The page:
How To Be In Charge Of Your Own Happiness

francisco_osorio
francisco_osorio

One of the many new responsibilities that comes with adulthood is being in charge of your own happiness. Your mom isn’t around anymore to notice when you’re not smiling as much, to put your hair behind your ear and offer to make you a sandwich. She’ll be there to support you, as your friends will, when the going really gets tough. But they all have their own lives, and they can’t sit on the phone forever. As an adult, you’re in charge of your own happiness. 

This begins with the basics. Choosing a job — a career — that interests you, challenges you, puts a smile on your face more often than a scowl. A job that may leave you exhausted at the end of the day, but it’s an exhaustion that feels good on your bones because you know you did something worthwhile. It’s a job that adds a new dimension to who you are, one that you’re excited to talk about. And if it’s a job that’s below your skill-level and doesn’t leave you feeling accomplished, it’s one that’s at least putting you on the path there — time you’re putting in to get to the eventual goal. 

It’s choosing a group of friends that make things better. It’s having one friend that you divulge all your secrets to, the one who won’t even smirk when you’re drunk and crying for no reason, and others that just make you laugh, or think, or get of your apartment. It’s shaving off the people who make you feel like high school, the ones who have just a hint of that conniving, competitive or jealous side we all used to have. 

It’s choosing a significant other that adds something to your life, makes you a better person, not just someone to call at the end of a work day, or someone who only calls you in the middle of a Saturday night. It’s knowing when and how to not have one, and still feel complete.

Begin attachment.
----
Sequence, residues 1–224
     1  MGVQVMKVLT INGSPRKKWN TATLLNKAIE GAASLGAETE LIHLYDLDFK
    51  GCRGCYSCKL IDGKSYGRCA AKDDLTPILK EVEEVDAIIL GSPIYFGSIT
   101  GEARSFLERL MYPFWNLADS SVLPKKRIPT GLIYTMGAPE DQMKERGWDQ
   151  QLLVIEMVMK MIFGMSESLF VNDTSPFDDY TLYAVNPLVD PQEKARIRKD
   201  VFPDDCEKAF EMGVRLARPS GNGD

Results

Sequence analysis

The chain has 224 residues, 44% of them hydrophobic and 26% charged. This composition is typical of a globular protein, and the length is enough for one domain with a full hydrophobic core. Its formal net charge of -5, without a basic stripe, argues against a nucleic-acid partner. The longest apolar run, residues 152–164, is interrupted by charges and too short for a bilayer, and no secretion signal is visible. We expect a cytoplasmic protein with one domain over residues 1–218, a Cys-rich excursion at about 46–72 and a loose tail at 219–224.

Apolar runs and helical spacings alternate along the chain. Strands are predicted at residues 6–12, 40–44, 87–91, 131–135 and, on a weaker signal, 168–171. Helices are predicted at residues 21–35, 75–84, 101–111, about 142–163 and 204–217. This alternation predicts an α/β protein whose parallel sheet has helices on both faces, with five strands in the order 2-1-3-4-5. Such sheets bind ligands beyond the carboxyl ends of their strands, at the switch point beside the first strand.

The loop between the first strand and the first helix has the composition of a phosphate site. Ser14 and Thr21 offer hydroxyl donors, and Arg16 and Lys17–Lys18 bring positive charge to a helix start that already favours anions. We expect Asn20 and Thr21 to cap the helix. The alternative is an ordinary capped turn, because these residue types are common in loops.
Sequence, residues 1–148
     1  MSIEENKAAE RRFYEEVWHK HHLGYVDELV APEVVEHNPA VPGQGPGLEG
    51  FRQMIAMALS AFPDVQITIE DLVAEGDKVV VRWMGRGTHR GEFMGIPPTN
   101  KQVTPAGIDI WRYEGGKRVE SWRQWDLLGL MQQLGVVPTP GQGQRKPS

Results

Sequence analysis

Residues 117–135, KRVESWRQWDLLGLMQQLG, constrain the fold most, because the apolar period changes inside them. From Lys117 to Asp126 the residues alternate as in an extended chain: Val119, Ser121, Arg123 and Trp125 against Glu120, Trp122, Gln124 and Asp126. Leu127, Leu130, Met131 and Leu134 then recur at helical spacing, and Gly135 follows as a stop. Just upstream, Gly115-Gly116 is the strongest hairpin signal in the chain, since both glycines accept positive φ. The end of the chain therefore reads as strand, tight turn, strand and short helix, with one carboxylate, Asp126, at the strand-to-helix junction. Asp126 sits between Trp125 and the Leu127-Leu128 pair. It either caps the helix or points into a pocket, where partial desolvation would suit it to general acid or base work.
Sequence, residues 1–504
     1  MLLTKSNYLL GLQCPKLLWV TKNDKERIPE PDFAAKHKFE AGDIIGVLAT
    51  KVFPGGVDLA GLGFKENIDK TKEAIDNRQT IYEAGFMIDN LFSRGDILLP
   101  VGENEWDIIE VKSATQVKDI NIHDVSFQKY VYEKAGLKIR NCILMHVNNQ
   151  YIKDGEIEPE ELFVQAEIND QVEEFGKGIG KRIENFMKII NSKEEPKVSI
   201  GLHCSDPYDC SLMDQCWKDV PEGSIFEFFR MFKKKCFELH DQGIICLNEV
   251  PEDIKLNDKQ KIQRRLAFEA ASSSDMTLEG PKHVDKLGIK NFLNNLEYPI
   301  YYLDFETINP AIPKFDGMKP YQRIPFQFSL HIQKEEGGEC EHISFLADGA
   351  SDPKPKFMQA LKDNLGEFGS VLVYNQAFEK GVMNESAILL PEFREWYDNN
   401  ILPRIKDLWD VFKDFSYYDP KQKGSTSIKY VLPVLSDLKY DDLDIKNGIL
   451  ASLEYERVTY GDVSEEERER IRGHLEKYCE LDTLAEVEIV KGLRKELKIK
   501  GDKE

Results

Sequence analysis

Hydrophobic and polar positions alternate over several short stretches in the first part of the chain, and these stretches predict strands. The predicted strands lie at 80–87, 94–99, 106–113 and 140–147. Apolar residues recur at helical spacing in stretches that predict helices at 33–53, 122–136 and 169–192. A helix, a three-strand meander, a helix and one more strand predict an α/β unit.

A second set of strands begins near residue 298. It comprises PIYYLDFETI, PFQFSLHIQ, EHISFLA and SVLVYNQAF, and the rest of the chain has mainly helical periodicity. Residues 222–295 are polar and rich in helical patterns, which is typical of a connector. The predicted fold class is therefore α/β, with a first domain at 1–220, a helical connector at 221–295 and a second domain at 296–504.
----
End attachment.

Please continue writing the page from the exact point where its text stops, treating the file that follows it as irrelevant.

It’s finding a place to live that can be your sanctuary, a place where you can go to escape from the world, where you feel safe, and relaxed. It doesn’t have to be big — it might even start out as cramped, dirty — but you’ll recognize that it’s up to you to wipe the windows clean, to paint the walls a color that embraces you every morning. It’s up to you to put down rugs and hang up curtains, to buy a coffee table and set out candles, to make cramped feel cozy. It’s up to you to make it somewhere you’d want to live, and get out if you can’t.

Beyond the basics, though, there are the little things. There’s remembering to go get a manicure, or order a luxurious dinner for yourself when you’re sad, and not just sit around and let it simmer. There’s forcing yourself to go to yoga because it calms you, or comedy clubs because you always leave laughing. There’s recognizing the bad trains of thoughts that seduce you down their paths, not letting yourself spend hours on Facebook mulling over things that aren’t going to change. There’s knowing when to do something else, to take charge of your own life because you’re the only one who’s going to, and besides, nobody else knows you go to comedy clubs on Wednesdays. TC mark

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  • bymmila

    Reblogged this on The Flourishing Artist and commented:
    Recommended :)

  • http://groundzerohour.wordpress.com/2013/10/07/in-ms-chias-words-the-pleasure-of-autonomy/ In Ms Chia’s words, “the pleasure of autonomy” | Genevanism
  • http://elizajonescourand.wordpress.com Eliza

    Reblogged this on Salt Water Girl and commented:
    Another good one.
    “There’s recognizing the bad trains of thoughts that seduce you down their paths, not letting yourself spend hours on Facebook mulling over things that aren’t going to change. There’s knowing when to do something else, to take charge of your own life because you’re the only one who’s going to.”

  • http://faraparatells.wordpress.com farah

    Reblogged this on faraparatells.

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